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There's something to be said for eating what you're served. And when you're a tourist, to some extent it's a good standard of conduct. Sometimes it'll be a matter of choosing the least of all evils: The O can "pass" on the bread, the A on the beef, etc., where possible...but it isn't always so.
Some hosts may take it as an insult if you don't "fill your plate", and, I have to say, you may miss something extraordinary. If you're not ill, think "Tier One" when you travel, understanding that you may have to expand on that, to take in a "serious Avoid", perhaps daily. Enjoy your trip and take "Deflect", I say.
Despite my B loyalty, there's a particular Palestinian chicken dish I wouldn't refuse if it were offered to me under ANY circumstances. It's a regional specialty requiring not only alot of time and experience, but...unspeakable love. It's an HONOR to be served this dish, and, once you've tasted it you may actually, as I did, weep. OK? I might select something different at a restaurant, but if someone's Palestinian mother were to serve it to me, I'd melt. In NO case would I refuse to taste it.
If I were at a Sicilian trattoria and I were told "Today we're serving the Specialty of the House: Blah Blah Marinara etc.", I'd never be so picky/gauche/B-fanatic to say: "No marinara for me, thanks." The rationale would NOT be: "Hey, I'm on vacation, so I'll feast on Avoids." It would be this: "I've CHOSEN to be the guest, this week/month, of numerous hosts. Some are more personal than others and might take offense at my rejecting their hospitality." And then, "WOW! I'm REALLY in SICILY!!!"
And, if there's a very, very special dish in a less "personal" restaurant/buffet setting, e.g., couscous or bisteeya in Morocco, bouillabaisse in Marseille, paella in Barcelona, I'd be at least willing to TASTE it on the side! Why? Just to indulge the proprietor? No. There are other reasons.
To have an Experience: You're not at some formulaic AmerItalian chain: This is The Real Thing: Wake up! Cuisine is an essential aspect of ANY culture. To be unwilling to TASTE the marinara sauce of a Sicilian host who's proud of it, whose ancestors have perfected the recipe over generations, defeats the purpose of Tourism, no? It, in effect, carries an attitude of "closedness" to new things that doesn't quite jibe with the whole notion of Leisure Travel, does it? (Is it even POSSIBLE to know a place without tasting its signature dishes?)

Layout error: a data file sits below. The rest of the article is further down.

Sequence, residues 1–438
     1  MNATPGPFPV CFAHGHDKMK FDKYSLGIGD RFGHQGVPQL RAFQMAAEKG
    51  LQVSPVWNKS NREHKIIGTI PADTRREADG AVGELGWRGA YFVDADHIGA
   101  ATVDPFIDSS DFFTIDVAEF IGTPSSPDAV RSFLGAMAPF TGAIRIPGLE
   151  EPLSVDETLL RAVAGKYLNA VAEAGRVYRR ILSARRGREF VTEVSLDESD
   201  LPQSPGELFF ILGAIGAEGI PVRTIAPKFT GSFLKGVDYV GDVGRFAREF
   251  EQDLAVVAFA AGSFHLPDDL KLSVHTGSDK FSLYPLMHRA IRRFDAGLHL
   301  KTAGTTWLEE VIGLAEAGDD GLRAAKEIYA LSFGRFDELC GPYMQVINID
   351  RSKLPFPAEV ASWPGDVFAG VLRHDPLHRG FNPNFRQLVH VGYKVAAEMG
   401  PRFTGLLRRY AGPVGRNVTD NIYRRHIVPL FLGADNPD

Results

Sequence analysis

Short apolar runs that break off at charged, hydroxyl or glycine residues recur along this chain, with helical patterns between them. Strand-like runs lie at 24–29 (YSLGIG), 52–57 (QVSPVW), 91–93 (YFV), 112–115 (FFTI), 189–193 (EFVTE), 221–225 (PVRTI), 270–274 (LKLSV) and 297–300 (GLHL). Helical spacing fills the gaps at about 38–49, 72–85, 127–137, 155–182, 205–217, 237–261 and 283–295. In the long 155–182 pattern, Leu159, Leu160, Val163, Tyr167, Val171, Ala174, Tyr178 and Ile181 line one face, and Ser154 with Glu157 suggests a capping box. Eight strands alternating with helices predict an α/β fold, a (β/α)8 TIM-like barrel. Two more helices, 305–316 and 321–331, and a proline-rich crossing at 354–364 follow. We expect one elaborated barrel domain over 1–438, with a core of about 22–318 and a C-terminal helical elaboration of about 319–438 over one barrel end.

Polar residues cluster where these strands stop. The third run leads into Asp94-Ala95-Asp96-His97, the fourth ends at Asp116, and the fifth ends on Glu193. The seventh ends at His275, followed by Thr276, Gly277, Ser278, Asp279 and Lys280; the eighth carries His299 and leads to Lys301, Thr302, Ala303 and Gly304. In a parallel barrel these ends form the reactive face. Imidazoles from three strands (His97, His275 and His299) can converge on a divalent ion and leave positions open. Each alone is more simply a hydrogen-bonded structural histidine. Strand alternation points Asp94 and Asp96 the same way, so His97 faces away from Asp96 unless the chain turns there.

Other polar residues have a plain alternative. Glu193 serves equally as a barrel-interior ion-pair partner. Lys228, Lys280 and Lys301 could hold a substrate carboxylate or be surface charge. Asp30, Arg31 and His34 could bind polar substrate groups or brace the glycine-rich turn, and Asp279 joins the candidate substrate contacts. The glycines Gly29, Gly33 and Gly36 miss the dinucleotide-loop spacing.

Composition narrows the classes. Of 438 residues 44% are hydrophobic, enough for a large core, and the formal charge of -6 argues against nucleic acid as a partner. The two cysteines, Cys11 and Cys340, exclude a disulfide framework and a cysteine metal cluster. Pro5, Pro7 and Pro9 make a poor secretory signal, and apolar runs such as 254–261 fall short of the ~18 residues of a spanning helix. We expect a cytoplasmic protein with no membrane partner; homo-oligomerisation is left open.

Maybe I'm saying that really sick people shouldn't be tourists, and that if you're ill, you should consider postponing that sojourn in Provence 'til you're better. And that if you're NOT ill, you shouldn't be the guest of anyone you've misled to believe you ARE. Think about it: "I can't eat this" "I can't eat that" (?) - or - "Wherever I go, I just order broiled salmon and rice, daily..." Is THAT the way to learn, experience? And yet another angle is: Is that the way to endear your hosts to Americans?
See, there are 3 questions most American tourists don't ask themselves:
(1) "What am I saying, what is my conduct demonstrating, to non-Americans,about 'American Tourists'?"
(2) "What am I learning about the host culture? How many personal interactions am I actually having with regular local people? How much 'inside information' am I taking away from my travel experience?"
(3) "If the above two issues are meaningless to me, why am I a tourist?"
This "We-carry-our-own-food, thank-you" attitude is really off-putting, anti-social, and actually savors (globally) of Imperialism. It says "We might set up our own versions of 'fast food' all over your cities and towns, but we sure don't stoop to eat what you mistakenly/ignorantly call 'Food'." I wonder: Do many American tourists know how to comport themselves as GUESTS? And are we sensitive to avoid giving the impression of Conquerors?
Spend some time daydreaming before you embark on that whirlwind tour. Imagine yourself being invited by locals, all over the world, to enjoy the very best that their countries have to offer. Then imagine yourself open to, and meriting, those invitations. See yourself accepting the fact that many, if not most, of those experiences involve the sharing of food. It means leaving the beaten path, choosing the road not taken, being open to surprises.
Unless, of course, your diet's pristineness is sacrosanct, in which case your parameters must remain restricted; food serves a socially separative rather than convivial role in your life, in which case: Stay home and remain "compliant". That might be the best option for the ill, whether physically or spiritually. Or: Drop down to Tier One Compliance that you're willing - on sheer whim - to ignore, if "kismet" so require. Now THAT'S an Adventure!
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